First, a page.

Thinking of becoming a police officer or a detective? In this post, we outline police graduate schemes and explain the various routes you can take to launch your policing career.
There are various graduate schemes to help those who have finished university become qualified, both on a national and local level. For those who are not graduates, there are still schemes that will give you the relevant knowledge and skills to police effectively, meaning joining the police is accessible for both graduates and non-graduates.
1. Police Now Graduate Schemes
The National Graduate Leadership Programme is focused on becoming qualified as a neighbourhood police officer, especially concerned with helping and transforming local communities. Two important qualities the scheme focuses on is the ability to negotiate and resolve conflicts and being able to demonstrate leadership in the community.
The National Detective Scheme focuses on the necessary qualifications to become a police detective, learning how to quickly respond to new information and how to investigate potential crimes. You will also be required to manage and prioritise various facts, a life skill that is important in many different careers, not just policing.
Both schemes last two years, requiring that applicants are aged 17 or over, and have a 2:2 or higher degree from a UK university, or equivalent from a non-UK university. Any nationality can apply, but you must have lived in the UK for the last 3 years. For the National Graduate Leadership Programme, the starting salary after qualification is £24,177- £30,369, with allowances of up to £6,735, depending on where you are situated. For The National Detective Programme, the salary can start from £20,370-£24,177, including location allowances, depending on the force that you join.
How to get a graduate job with police now
In the video below, the host of the gradate job podcast speaks with the CEO and founder of Police Now, who shares top tips on how to get a graduate job with Police Now
2. The Metropolitan Police
Alternatively, you can apply to the programmes run by the Metropolitan Police, the Police Constable Degree Apprenticeship and the Degree Holder Entry Programme.
The Police Constable Degree Apprenticeship (PCDA) is a three-year programme, aimed at applicants who are not university graduates, and works towards a degree in professional policing. This is important as it means that being a police officer is not limited to those who have gone to university, making it a very accessible career. There is also the option to work part-time through both programmes, making policing a viable option even for those who cannot commit to working full time.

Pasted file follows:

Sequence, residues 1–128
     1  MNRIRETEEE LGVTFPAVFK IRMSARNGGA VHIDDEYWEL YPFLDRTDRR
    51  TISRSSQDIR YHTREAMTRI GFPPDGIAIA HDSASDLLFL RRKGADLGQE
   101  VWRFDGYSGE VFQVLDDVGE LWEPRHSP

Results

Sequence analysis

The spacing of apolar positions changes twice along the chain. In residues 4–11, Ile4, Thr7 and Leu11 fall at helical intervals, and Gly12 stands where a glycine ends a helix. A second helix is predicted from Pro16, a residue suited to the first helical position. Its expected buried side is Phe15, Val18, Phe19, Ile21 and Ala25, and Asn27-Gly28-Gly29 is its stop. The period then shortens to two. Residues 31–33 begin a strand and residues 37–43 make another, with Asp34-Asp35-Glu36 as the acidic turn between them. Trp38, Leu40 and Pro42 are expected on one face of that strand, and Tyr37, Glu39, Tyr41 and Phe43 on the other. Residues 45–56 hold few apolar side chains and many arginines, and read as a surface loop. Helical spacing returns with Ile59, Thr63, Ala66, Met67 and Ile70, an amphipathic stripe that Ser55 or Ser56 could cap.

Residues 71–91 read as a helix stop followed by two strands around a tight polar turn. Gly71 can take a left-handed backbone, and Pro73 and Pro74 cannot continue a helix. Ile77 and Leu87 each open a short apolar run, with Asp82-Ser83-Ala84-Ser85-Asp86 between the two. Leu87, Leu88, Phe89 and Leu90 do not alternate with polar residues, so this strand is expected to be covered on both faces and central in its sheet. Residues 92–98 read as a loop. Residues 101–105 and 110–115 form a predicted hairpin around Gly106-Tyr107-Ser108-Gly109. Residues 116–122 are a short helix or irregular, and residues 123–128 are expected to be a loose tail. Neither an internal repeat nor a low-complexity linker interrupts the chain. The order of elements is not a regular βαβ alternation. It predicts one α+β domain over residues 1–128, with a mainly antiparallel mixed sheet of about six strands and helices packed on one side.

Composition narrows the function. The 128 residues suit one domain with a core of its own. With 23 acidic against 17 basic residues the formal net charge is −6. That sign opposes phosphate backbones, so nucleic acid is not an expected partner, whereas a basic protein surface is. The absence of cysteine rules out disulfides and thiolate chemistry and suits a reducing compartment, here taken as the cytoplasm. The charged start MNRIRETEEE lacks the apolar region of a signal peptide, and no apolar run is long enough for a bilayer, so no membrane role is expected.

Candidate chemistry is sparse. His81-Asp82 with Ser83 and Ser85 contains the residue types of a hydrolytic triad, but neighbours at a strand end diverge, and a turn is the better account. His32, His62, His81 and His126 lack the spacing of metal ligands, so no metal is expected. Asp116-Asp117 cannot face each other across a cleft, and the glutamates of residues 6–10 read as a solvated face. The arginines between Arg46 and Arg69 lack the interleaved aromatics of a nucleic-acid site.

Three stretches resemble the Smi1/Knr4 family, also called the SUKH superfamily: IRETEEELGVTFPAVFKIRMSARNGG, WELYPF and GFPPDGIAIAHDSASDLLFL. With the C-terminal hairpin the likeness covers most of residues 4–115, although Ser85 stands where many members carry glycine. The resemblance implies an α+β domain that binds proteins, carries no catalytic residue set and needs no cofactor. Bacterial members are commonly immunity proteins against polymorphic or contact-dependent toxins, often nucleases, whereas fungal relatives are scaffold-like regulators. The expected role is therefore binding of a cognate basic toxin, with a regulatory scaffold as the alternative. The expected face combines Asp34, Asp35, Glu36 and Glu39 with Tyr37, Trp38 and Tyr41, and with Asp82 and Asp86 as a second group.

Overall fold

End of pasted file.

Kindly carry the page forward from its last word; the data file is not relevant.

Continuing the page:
You will be assessed with both operational and written assessments, ending with a 10,000-word dissertation and a portfolio with evidence of your accomplishments. After completing the programme, the starting full-time salary is £30,006, rising to £33,000 after a probationary period, including allowances. This base salary will continue to increase annually, with the salary after seven years expected to be roughly £48,000.
To apply, you need to have a GCSE in both maths and English language at C or above, although if you do not have the former you can earn it while completing the programme.
The Degree Holder Entry Programme (DHEP) is a two-year scheme and is for applicants who already have a degree. Similarly to the PCDA, the DHEP includes both written and operational assessments and ends with the completion of a portfolio of accomplishments. One difference is that the DHEP ends with a graduate diploma in professional policing practice instead of a BSc.
The salary for a full-time constable from this programme is slightly higher than one from the PCDA, starting at £31,000, rising to £33,000 after the probationary period, both including allowances. This salary will rise annually, reaching roughly £48,000 after seven years.
Similarly to the PCDA, you need a GCSE in English language at C or above to apply, but will also need to either have already finished or be in the final year of your degree.
3: Regional policing graduate schemes
There are other schemes for more local areas, such as the Detective Constable Graduate Scheme from the Leicestershire Police, and the Police Officer Graduate Entry Programme from the West Yorkshire Police. Both of these are worth looking into if you are from these areas, and there may also be other schemes closer to you that are worth researching.
Further study – Master’s in Policing
Once you become a police officer, you may consider pursuing further study to specialise or learn more about an area of expertise. For example:
- The University of West London offers an MSc in Policing, that allows you to specialise in international policing, leadership and management or investigating serious crime.
- UCL offers a Policing MSc, aimed at police and professionals from related agencies who aspire to become future leaders and managers. Optional modules include cybercrime and cybersecurity.
Overall, joining the police is accessible to both graduates and non-graduates, making it a viable career option for a wide variety of potential applicants. These schemes will also give you life skills, such as leadership and problem solving that are vital both while policing and in other careers.
Written by Sam Sheridan
Featured image by: Connor Danylenko from Pexels